See more from this Session: Resource Management and Monitoring: Impact On Soils, Air and Water Quality and General Environmental Quality (Graduate Student Poster Competition)
Monday, October 17, 2011
Henry Gonzalez Convention Center, Hall C, Street Level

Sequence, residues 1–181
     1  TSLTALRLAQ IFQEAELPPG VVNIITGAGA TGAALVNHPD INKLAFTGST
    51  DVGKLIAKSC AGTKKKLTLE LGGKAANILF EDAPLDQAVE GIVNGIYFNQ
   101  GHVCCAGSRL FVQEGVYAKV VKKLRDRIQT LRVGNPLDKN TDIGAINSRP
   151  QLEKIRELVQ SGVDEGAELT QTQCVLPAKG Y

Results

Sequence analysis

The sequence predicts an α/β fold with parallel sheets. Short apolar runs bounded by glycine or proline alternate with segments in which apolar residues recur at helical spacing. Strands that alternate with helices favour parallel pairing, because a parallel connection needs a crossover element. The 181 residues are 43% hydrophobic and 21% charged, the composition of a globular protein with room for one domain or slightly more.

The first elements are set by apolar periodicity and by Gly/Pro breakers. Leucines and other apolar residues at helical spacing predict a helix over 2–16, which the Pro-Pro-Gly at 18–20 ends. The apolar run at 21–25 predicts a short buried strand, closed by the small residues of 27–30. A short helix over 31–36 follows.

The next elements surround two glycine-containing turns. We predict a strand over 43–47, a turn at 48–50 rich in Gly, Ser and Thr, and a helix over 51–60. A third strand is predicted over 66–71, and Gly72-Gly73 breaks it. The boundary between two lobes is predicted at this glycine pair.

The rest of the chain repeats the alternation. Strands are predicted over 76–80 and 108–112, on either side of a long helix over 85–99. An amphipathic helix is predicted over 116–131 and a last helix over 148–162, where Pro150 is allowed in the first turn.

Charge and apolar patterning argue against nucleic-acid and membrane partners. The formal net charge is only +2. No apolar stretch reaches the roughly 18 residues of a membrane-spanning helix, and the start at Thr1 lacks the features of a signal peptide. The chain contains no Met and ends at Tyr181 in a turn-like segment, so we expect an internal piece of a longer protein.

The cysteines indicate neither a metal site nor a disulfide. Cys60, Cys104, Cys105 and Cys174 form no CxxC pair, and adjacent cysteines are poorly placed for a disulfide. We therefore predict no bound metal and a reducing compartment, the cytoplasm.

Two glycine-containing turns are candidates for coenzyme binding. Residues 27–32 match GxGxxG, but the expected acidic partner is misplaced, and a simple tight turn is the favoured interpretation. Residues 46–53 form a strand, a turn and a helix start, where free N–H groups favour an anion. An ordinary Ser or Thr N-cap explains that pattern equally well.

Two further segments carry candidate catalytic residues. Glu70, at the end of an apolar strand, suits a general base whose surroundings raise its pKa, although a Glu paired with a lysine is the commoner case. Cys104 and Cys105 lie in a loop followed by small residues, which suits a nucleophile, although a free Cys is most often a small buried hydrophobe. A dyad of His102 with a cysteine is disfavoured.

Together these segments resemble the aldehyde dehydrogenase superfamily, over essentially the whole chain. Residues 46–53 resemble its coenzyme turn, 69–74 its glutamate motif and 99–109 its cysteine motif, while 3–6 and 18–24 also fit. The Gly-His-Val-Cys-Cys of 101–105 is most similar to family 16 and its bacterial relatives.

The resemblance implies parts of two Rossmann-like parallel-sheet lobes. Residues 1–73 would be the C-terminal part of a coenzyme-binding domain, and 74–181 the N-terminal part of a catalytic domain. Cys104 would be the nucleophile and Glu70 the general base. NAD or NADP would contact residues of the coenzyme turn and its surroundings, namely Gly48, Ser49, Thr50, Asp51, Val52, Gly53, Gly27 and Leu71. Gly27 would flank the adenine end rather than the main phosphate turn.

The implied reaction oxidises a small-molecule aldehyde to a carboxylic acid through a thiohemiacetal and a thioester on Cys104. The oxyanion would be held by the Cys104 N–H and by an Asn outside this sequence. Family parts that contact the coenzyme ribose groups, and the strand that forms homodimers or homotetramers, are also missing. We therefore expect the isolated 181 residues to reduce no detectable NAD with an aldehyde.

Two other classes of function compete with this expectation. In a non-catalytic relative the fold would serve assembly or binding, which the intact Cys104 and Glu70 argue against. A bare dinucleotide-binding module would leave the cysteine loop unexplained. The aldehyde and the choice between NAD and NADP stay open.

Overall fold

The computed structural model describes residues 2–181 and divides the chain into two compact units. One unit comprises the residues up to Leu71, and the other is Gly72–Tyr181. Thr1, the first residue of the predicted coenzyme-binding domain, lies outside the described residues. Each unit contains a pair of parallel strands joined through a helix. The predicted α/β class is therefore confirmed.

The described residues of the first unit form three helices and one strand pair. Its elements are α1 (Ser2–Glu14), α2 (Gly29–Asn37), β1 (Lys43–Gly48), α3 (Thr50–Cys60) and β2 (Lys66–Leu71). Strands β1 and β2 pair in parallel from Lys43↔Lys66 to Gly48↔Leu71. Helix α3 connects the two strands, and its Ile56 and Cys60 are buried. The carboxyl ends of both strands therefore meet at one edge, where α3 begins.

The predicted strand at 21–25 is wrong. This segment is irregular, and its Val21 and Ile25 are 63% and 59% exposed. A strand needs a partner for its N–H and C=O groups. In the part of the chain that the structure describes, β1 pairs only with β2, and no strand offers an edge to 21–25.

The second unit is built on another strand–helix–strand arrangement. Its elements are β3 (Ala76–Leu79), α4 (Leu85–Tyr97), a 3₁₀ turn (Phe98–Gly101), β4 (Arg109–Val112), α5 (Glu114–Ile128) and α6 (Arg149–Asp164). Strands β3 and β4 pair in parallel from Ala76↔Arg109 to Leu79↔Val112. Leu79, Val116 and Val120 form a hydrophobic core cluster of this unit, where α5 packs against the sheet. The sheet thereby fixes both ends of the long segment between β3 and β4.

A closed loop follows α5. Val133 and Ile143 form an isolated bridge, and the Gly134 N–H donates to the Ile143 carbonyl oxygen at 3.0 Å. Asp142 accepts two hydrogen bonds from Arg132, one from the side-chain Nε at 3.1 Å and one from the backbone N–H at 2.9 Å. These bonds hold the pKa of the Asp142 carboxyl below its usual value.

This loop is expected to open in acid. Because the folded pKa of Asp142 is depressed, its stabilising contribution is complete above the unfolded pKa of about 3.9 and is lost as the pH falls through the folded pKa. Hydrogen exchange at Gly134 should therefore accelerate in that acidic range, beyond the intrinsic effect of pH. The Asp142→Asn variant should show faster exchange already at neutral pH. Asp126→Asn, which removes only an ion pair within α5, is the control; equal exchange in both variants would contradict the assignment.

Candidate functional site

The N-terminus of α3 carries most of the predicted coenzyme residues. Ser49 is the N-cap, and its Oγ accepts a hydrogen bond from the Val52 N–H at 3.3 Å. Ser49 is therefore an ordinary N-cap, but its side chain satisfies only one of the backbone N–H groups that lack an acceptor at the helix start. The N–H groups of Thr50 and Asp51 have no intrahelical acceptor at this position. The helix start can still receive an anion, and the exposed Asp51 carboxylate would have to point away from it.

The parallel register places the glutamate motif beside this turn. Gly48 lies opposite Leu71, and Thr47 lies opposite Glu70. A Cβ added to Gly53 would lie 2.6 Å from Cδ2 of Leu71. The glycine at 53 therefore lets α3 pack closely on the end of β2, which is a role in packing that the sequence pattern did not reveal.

Biomass-derived forms of sustainable energy generation, market volatility of base fossil fuel stocks, and increased scrutiny over food supply inputs continue to create an environment of reserved openness to the possibility of gasification of agricultural derived materials as a method of heat and electricity production in the agricultural belt of the Midwestern United States. The by-product of the gasification process, biochar, has been evaluated globally on a historical and contemporary scale and has indicated potential as a beneficial soil amendment when matched to the proper agricultural environment. Biomass-derived energy systems have also proved controversial in their creation of a potential partition of land use between energy and food production. The goal of this study is to evaluate four different biomass feedstocks of regional agricultural origin and produced in a small, batch-style updraft gasifier. Wood chips derived from municipal tree and brush management, turkey litter from poultry houses, chopped stover from a sorghum variety bred for biomass applications, and chopped uncultivated tallgrass prairie hay were selected for the role of feedstocks and were gasified using a range of operational parameters. The resulting chars will then be characterized using Ultimate and Proximate Analysis, Ash Digestion and Mass Spectroscopy/Inductively Coupled Plasma, Extractable Phosphorus, Liming Potential using a Modified Incubation/Titration Technique, pH, Cation Exchange Capacity by Displacement, BET Surface Area, and CHNS Analysis via CHNS Analyzer. Based on the results of these analyses, the potential fate and function of each biochar, generated under a unique set of gasification parameters, will be estimated for application to agricultural fields and soil environments with respect to general qualities such as soil types, cropping systems, and climate.